* BrokenMasquerade

to:

* BrokenMasqueradeBrokenMasquerade: The overall thesis is that Trystero after waiting in the shadows all this time might well decide to step into the light.



* ConspiracyTheory
* DownerEnding: [[spoiler:Regardless of whether or not Oedipa Maas manages to get anything done, it's completely for naught. Either nearly everyone she knows is part of a conspiracy (whether it's a genuine conspiracy or a joke her late husband - who might not even be dead - is playing on her, almost ''everyone'' is on it and against her), or she is insane, paranoid and detached from reality. And to top it off, no matter what, the experience has completely broken her.]]

to:

* ConspiracyTheory
ConspiracyTheory: The overall fuel for the novel's plot, is using conspiracy as a method by which to guide a character into a labyrinthine reality where random chance and tangents brush up with one another. The fact that these connections are tangential, random and are ambiguous in terms of "meaning" fuels the overall paranoid nature of the story.
* DownerEnding: [[spoiler:Regardless of A signficant plot point when Metzger and Oedipa discuss an old movie he made as a child star called ''Cashiered''. [[spoiler:Oedipa has to guess whether the movie has a happy or not sad ending. She assumes that like any Hollywood movie in UsefulNotes/TheHaysCode it had a happy ending. She eventually has sex with him anyway when the broadcast gets interrupted and Oedipa Maas manages to get anything done, it's completely for naught. Either nearly everyone believes it had a studio-mandated happy ending. After sleeping with Metzger she knows is part of a conspiracy (whether it's a genuine conspiracy or a joke her late husband - who might not even be dead - is playing on her, almost ''everyone'' is on it wakes up and against her), or she is insane, paranoid the TV shows the end of the film, which in fact ended on a downer with Metzger's character, his father and detached from reality. And to top it off, no matter what, the experience has completely broken her.]]his pet dog all drowning in a sunken submarine]].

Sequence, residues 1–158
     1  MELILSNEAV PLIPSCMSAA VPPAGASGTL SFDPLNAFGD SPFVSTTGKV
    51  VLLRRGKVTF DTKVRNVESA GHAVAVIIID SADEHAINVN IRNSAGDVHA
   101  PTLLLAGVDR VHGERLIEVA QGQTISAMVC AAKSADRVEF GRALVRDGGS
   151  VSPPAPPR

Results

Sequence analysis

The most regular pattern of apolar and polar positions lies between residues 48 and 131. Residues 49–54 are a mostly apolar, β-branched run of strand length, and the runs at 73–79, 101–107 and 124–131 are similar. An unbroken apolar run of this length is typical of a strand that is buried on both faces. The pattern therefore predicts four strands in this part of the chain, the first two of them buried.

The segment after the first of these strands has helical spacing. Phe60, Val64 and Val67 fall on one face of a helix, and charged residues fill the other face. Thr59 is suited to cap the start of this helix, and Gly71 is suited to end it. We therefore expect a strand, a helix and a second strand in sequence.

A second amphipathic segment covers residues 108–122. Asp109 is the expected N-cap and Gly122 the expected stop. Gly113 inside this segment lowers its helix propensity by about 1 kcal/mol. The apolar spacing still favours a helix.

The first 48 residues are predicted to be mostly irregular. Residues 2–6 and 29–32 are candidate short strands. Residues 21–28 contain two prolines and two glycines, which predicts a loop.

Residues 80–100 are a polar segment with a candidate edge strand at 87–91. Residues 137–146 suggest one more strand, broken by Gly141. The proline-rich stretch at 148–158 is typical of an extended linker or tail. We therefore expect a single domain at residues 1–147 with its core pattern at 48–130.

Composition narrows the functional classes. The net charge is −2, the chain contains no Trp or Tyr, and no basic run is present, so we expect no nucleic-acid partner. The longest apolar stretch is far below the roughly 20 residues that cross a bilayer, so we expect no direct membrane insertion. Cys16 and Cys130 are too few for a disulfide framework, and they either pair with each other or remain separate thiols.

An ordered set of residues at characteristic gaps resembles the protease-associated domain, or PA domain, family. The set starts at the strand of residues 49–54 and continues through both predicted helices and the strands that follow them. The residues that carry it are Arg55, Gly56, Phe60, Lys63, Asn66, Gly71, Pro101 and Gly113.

Added DiffLines:

* HistoricalVillainUpgrade: Towards the end, Professor Emory Bortz notes that many anti-Trystero Germans came to America after the ''UsefulNotes/RevolutionsOf1848'' and they sought to stifle the growth of Trystero and prevent the revolution. The German immigrants who came to America in Forty-Eight were largely revolutionary exiles and many of them became vocal supporters of the Union cause and strong abolitionists and active in the American Left.
9th Feb '17 4:19:02 PM benda
Is there an issue? Send a Message